The Nairobi Securities Exchange (NSE) has anchored Kenya as East Africa’s financial hub, deepening and diversifying it’s product offering over the years. With the launch of the derivatives market, the bourse has come of age, so to speak, and investors have another avenue to secure returns for investment.
The derivatives segment, also known as futures market, will now enable NSE participants to shape prices of securities or stocks by predicting their value at a future date. The icing on the cake is that payments of buy-and-sell agreements will be made on a daily basis. NSE will in this new speculative market allow investors depositing 10 per cent of the value of a stock to bet on future price movements of the same.
For shares trading below Sh100, investors will get 1,000 shares for a single deal while for those trading above Sh100 one will get 100 shares. Known as an exchange-traded derivative, the new segment is expected to not only increase market activity but also give securities their best possible value in future.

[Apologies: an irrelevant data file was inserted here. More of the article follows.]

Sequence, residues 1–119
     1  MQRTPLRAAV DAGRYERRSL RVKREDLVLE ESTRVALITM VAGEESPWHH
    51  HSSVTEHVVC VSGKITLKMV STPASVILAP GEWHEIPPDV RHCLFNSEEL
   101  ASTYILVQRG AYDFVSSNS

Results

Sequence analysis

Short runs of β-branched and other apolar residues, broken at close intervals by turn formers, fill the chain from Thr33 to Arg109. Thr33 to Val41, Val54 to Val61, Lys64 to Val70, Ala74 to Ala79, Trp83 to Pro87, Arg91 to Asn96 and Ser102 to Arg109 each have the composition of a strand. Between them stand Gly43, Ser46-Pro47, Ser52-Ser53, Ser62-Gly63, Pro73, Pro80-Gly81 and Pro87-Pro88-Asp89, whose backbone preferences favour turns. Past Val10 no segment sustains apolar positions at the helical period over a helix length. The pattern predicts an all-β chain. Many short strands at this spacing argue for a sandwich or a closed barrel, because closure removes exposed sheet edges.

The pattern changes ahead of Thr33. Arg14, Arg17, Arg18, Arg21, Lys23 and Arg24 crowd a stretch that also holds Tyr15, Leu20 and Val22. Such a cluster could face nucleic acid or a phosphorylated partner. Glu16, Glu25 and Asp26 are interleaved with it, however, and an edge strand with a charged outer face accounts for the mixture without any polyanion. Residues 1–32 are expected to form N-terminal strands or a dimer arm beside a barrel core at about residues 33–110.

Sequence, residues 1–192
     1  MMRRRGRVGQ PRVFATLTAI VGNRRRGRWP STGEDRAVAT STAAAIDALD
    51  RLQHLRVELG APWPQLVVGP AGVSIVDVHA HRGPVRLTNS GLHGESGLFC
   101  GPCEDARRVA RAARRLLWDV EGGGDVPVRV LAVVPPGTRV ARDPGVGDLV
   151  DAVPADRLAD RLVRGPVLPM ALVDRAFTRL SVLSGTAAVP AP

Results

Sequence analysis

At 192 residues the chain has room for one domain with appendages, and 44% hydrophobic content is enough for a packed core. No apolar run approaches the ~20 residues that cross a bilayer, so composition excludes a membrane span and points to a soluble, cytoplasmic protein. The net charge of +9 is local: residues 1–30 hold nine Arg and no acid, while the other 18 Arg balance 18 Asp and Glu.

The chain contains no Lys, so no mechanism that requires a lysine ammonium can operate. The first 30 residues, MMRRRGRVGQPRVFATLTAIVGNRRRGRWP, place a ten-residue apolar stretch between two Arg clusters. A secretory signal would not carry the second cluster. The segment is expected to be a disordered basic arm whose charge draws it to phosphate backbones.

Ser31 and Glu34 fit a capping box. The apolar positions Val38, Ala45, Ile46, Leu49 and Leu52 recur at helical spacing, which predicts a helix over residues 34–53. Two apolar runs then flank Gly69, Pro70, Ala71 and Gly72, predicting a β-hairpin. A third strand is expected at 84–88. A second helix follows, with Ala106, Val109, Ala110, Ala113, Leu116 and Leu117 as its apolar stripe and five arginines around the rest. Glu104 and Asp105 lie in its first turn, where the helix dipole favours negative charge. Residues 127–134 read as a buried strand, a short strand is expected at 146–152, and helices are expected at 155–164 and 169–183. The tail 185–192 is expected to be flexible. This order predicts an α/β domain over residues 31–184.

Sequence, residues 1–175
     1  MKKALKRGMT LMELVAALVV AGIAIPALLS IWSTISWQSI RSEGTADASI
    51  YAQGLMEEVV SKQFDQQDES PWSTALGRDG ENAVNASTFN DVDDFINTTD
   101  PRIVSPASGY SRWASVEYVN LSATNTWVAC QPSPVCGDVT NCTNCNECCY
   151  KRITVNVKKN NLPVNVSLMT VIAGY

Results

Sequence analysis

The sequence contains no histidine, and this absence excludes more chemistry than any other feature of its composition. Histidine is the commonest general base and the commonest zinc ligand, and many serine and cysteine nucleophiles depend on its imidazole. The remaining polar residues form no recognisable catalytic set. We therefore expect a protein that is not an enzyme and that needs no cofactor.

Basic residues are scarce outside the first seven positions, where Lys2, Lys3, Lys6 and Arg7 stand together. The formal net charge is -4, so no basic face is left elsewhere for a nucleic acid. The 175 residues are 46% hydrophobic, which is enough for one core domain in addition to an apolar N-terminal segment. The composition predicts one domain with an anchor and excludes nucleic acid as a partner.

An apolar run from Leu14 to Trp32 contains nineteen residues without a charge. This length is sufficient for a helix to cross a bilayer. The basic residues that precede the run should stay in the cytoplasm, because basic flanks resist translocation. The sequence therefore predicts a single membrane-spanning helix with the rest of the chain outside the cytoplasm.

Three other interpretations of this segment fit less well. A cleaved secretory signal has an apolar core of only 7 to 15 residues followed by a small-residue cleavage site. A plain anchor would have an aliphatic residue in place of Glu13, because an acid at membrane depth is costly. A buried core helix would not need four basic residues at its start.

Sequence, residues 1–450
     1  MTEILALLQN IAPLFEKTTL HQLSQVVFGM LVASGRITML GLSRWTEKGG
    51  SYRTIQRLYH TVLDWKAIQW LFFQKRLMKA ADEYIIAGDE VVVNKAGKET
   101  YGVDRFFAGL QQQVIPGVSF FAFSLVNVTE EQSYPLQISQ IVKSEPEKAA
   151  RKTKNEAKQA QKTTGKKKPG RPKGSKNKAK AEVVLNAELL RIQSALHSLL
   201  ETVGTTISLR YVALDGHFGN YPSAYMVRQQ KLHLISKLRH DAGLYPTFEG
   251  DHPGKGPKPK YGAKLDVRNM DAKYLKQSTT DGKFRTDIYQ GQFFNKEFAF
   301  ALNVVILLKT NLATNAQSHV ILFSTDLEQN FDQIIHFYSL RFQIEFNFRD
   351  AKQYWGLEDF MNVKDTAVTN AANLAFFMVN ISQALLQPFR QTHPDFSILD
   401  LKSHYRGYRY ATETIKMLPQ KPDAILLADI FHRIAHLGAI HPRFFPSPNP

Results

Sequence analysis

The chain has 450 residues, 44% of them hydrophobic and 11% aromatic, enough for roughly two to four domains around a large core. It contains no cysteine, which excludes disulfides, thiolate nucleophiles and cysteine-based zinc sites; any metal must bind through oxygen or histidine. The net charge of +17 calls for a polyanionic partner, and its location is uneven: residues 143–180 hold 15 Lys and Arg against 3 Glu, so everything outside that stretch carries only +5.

The good thing is that the new segment will woo investors to participate in the hedging business, making Kenya the second country in Africa—after South Africa—and the first one in the frontier market to have a derivatives market.
This will complement existing product offerings and creating a diversified market for both local and international investors, enabling them to better diversify their investment portfolios, manage risk and deploy their funds more efficiently to cushion against unexpected price volatility in asset prices.
The segment definitely makes Kenya’s capital market even more sophisticated compared to peers in the region and continues to play a vital role in economic growth by encouraging investments and savings.
Only last year, Kenya moved to tap the London Stock Exchange (LSE) for dual listing, in a move which could see companies list in both countries, and attract further investment from abroad. The move will enable LSE-listed firms leverage on the Kenyan investor base, which understands the local business terrain on one hand and the investor pool in London which understands international business trends on the other.
With the incubation and acceleration programme dubbed Inuka, NSE has moved to enable small-scale businesses scale up performance including corporate governance. Inuka and the futures market have undoubtedly shored up NES’s profile.
However, more needs to be done. Focus should be on improving market accessibility, clearing systems, removing investment taxes and nurturing a good reputation.